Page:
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As a result there were layoffs in both of these industries:
other workers experienced salary reductions
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This led to consumer purchasing power being diminished
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No new industries were emerging to compensate for
these two declining industries – a few increased
marginally - petroleum, chemicals, plastics - but were
not yet developed enough to cancel out the decline in
these other sectors
5. The Uneven Distribution of Purchasing
Power
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25% of the national income was going to 1% of the
population. Prosperity would not last once this wealthy
1% no longer spent money on industrial good, especially
on luxury consumer items, and were no longer willing to
invest money in the economy or stock market
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The proportion of the National Income going to farmers,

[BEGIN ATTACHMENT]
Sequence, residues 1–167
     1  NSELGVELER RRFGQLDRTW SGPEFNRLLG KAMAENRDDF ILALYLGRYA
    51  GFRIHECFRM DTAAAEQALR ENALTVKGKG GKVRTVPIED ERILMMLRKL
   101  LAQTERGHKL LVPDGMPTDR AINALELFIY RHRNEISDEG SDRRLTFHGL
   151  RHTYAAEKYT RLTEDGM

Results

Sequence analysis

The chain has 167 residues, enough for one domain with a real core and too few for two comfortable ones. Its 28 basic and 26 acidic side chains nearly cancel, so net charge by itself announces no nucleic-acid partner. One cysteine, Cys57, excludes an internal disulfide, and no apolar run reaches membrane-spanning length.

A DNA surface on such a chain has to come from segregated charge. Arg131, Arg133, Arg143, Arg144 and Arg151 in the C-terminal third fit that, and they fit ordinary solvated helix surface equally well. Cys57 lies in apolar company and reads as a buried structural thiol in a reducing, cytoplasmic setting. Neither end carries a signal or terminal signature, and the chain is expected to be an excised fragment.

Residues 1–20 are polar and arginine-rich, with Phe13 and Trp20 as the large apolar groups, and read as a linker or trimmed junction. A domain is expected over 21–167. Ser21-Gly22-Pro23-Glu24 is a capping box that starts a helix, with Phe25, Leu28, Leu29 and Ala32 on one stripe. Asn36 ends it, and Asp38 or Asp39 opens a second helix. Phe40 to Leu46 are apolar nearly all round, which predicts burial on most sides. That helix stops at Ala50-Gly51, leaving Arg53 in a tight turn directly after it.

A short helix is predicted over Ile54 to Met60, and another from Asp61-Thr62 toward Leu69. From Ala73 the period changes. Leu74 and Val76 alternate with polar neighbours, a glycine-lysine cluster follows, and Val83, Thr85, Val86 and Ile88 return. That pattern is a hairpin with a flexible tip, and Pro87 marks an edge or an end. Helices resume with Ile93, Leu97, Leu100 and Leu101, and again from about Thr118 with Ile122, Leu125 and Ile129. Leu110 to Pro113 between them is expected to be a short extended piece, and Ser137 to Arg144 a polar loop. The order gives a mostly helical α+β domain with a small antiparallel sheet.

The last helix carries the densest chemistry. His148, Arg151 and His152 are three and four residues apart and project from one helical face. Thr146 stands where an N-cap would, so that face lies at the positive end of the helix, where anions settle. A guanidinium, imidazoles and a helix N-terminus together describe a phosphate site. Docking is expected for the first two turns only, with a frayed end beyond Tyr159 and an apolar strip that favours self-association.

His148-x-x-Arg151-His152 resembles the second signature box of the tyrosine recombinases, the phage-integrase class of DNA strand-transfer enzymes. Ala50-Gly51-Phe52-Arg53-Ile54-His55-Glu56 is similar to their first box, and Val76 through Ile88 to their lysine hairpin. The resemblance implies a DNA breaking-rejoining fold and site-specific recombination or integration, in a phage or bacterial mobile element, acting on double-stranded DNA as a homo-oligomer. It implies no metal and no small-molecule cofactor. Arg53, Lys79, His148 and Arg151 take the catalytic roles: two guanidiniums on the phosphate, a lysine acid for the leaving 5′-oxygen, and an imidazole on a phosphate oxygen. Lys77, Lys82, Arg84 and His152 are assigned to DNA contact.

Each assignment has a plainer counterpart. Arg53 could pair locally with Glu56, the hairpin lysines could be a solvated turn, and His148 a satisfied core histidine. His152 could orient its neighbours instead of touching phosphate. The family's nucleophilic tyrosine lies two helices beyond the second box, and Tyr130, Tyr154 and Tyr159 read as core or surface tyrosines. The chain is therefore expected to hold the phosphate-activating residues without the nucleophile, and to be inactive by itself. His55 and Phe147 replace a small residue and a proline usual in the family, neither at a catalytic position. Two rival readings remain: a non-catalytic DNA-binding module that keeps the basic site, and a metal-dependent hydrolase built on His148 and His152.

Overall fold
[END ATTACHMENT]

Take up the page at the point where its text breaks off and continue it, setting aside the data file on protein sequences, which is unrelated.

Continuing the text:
workers, and other potential consumers was too small to
create an adequate market for the huge amount of goods
the economy was producing.
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Demand was not keeping up with supply.
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Even in 1929 after a decade of Economic growth,
between a half and two thirds of the population lived on
the edge of or below the estimated minimum subsistence
level - too poor to share in the great consumer booms of
the 20s, too poor to buy the houses, cars, and other goods
the industrial economy was producing.
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Consumer buying power was not strong enough or
widespread enough to devour the huge amount of goods
being mass produced.
6. Decline in Exports